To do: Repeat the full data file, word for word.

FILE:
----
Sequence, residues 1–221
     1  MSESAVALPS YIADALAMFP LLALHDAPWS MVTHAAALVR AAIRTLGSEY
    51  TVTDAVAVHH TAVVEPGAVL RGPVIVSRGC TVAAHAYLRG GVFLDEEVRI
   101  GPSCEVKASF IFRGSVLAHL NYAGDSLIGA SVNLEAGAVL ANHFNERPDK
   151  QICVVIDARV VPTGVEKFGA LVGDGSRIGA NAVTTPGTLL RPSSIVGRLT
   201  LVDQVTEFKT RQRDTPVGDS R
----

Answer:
Sequence, residues 1–221
     1  MSESAVALPS YIADALAMFP LLALHDAPWS MVTHAAALVR AAIRTLGSEY
    51  TVTDAVAVHH TAVVEPGAVL RGPVIVSRGC TVAAHAYLRG GVFLDEEVRI
   101  GPSCEVKASF IFRGSVLAHL NYAGDSLIGA SVNLEAGAVL ANHFNERPDK
   151  QICVVIDARV VPTGVEKFGA LVGDGSRIGA NAVTTPGTLL RPSSIVGRLT
   201  LVDQVTEFKT RQRDTPVGDS R